A hazy blue stillness. Nothing moves. Until a sudden ripple disturbs the soupy water, stirs the suspended particles. Powerful legs propel the creature through the water and paddle madly as the alarmed frog attempts to secrete itself in a dark crevice. Panic subsides; danger has passed and the frog allows itself to hang in the water, recovering, before its strong legs push off again into deeper water and the cover of thick weed. Nearby, clusters of lustrous jelly eggs float just beneath the surface. In a matter of days, each egg’s black nucelus grows and changes and tiny embryos begin to wriggle in the thick mucous, waiting for the right time for their release.

In an article for Scientific American entitled Are Viruses Alive? Professor Luis P. Villarreal wrote,

“What exactly defines “life?” A precise scientific definition of life is an elusive thing, but most observers would agree that life includes certain qualities in addition to an ability to replicate. For example, a living entity is in a state bounded by birth and death. Living organisms also are thought to require a degree of biochemical autonomy, carrying on the metabolic activities that produce the molecules and energy needed to sustain the organism. This level of autonomy is essential to most definitions.”

A chance encounter with a dead frog discovered in my pond reminds me of the connection between electricity and life and the work of Luigi Galvani who experimented with the effects of electricity on dead tissue, famously making dead frogs’ legs kick in response to electrical charge.

NOW medics routinely shock people back to life using defibrillators.

[A voice from the future says, “Can you believe that once people were thought to be dead just because their heart stopped beating?”]

Sadly my frog is definitely, permanently dead.

NEXT – Trying to activate my stone



For several years now I’ve been having a relationship with this small rock. Here it is…

I went looking for a special stone on the beach in my lunch-break one day. Of course Eastbourne beach is covered in likely candidates – thousands, maybe millions of them – but this one was special. I didn’t so much find this one, as it found me. I saw it from the promenade, sitting up on top of all the others.

It’s a flint. It’s bigger than a heart, smaller than a head; small enough to hold in my hand but heavy enough to call “a rock”.

I climbed down onto the beach and picked it up… and that was the beginning.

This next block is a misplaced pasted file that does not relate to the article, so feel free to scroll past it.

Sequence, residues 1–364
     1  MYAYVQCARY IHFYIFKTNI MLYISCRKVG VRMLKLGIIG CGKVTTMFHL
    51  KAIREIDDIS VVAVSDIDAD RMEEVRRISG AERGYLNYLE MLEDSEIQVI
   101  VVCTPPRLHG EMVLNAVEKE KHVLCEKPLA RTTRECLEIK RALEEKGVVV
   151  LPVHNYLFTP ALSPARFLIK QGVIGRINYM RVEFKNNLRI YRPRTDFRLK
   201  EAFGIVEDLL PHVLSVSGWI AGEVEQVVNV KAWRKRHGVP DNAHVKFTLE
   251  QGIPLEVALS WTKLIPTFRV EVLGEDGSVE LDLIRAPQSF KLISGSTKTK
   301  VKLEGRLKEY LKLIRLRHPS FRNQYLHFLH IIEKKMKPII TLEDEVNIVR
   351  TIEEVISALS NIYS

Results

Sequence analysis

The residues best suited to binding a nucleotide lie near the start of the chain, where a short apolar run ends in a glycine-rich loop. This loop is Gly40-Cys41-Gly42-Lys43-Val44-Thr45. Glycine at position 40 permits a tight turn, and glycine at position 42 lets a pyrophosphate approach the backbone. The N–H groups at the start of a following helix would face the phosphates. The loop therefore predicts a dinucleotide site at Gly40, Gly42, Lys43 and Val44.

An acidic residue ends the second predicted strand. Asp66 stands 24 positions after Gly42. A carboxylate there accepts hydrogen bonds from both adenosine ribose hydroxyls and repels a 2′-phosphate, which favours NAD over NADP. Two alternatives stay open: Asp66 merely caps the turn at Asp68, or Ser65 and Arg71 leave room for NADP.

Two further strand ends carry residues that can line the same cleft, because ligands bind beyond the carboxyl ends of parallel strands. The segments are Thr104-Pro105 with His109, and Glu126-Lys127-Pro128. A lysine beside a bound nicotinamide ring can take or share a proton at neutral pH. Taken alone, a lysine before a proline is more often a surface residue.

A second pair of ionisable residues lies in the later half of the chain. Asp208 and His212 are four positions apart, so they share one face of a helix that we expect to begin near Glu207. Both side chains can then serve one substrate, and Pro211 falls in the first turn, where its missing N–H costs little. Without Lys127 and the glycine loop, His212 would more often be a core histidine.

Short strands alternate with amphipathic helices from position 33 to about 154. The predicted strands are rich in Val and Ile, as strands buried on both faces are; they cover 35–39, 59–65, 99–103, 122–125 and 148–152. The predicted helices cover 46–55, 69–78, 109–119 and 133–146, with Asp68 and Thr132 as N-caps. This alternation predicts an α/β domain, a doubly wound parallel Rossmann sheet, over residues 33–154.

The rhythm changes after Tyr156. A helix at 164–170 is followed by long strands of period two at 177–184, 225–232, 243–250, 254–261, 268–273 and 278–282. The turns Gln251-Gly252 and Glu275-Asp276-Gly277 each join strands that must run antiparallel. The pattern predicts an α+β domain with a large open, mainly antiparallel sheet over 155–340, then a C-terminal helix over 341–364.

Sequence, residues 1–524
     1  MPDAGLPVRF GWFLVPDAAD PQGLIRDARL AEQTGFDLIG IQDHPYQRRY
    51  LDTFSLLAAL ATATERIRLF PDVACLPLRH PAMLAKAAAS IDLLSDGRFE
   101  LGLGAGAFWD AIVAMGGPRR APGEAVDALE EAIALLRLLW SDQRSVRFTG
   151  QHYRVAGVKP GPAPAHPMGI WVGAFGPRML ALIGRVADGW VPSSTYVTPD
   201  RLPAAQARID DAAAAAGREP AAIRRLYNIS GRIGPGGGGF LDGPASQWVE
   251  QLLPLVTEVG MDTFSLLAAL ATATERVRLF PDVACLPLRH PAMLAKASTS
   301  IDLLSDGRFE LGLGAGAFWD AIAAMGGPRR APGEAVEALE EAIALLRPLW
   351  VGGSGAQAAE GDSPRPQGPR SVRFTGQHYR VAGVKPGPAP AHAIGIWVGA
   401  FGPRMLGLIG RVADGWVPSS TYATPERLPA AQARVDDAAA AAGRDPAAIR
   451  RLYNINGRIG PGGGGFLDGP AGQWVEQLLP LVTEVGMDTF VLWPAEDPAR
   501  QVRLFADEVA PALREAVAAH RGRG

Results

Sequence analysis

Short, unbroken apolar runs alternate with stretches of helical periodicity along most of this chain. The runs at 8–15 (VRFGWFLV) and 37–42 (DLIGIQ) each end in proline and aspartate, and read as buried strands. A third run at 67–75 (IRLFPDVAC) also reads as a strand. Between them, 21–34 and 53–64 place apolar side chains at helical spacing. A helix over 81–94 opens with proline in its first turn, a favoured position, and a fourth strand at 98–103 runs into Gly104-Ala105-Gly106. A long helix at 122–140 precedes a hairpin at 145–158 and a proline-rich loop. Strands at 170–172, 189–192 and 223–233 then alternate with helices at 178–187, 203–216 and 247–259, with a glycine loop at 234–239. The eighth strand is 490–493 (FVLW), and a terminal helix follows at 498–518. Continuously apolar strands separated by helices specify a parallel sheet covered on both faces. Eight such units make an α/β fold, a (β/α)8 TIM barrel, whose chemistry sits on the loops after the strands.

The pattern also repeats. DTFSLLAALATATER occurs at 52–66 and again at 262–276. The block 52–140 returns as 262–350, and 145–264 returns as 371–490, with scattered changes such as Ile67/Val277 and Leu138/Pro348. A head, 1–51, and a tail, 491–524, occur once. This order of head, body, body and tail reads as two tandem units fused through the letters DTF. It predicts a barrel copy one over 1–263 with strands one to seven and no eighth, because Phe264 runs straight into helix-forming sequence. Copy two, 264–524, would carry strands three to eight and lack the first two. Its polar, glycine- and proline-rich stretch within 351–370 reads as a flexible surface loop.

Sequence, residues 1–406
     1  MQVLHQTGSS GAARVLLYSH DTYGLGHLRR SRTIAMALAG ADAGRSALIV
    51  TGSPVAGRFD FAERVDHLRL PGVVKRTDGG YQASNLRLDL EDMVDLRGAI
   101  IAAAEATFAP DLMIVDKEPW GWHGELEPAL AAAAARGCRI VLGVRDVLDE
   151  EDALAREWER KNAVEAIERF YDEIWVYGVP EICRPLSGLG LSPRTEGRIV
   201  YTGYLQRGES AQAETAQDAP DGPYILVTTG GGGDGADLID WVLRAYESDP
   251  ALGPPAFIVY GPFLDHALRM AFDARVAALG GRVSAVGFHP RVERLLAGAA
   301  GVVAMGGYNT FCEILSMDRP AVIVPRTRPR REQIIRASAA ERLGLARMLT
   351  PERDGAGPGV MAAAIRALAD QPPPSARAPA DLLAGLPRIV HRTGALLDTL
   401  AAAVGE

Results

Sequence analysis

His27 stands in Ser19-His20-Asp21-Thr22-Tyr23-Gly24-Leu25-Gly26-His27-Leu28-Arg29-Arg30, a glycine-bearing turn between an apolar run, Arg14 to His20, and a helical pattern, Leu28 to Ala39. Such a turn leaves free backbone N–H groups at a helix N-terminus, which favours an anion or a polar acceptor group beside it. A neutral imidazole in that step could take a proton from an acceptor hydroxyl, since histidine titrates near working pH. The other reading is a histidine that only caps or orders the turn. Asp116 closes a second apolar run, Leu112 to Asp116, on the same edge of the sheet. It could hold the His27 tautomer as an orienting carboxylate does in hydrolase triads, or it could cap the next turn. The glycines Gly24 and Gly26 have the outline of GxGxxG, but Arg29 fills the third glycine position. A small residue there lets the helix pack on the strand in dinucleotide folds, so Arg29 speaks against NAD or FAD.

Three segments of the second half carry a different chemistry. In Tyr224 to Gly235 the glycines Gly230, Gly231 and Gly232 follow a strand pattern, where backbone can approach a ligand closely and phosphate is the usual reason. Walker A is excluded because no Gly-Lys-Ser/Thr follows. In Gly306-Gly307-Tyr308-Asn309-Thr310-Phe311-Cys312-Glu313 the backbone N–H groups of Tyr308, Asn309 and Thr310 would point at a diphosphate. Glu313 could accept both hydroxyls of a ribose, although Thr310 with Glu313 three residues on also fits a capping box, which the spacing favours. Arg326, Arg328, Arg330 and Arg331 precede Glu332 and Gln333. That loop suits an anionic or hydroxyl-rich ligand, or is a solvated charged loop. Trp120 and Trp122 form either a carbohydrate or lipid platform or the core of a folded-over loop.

I have a small collection of rocks, all of which are pretty unremarkable, except for some reason I have picked them up and kept them. Here’s another one…

I believe this is an Iron Sulphide nodule. I like this one because it reminds me of distant planets. It’s very compact and seems far too heavy for its size.

And this one…

This was part of an artwork, Impossible Changeling by Caroline Wright. Again – it found me. It was one of  100 gilded stones which were distributed by the artist on Eastbourne beaches for people to find. I’ve no idea how many were eventually found, but, like the flint, this one stood out for me among all the hundreds of thousands of pebbles on the beach – I couldn’t miss it.

Lyall Watson in his book The Secret Life of Inanimate Objects[1] calls objects such as my rocks, “notions”.

“A notion, is an inanimate object which need have no intrinsic value or practical utility, but which nevertheless demands attention and exercises power over those people to whom it appeals… a thing with meaning, a mind thing; something of consequence which inspires thought. And once chosen a circuit is completed which provides a flow of energy that gives a notion its power.”

Now this all sounds a bit metaphysical to me and I’m more of a pragmatist than a metaphysicist, but these stones have led me to explore some new thoughts and ask some questions – the most fundamental one being: “In the beginning… why did some clusters of molecules become this thing we call life while others remained ‘inanimate’ like my rock.” And anyway… what is life? What is “the spark of life”? And where does the spark come from? And of course, a proposition posed some years ago by artist Andy Holden, a suggestion which has stayed with me all this time, “Maybe there is no such a thing as an inanimate object.”

[1] The Secret Life of Inanimate Objects (pp72-74)

NEXT – An Encounter With A Dead Frog…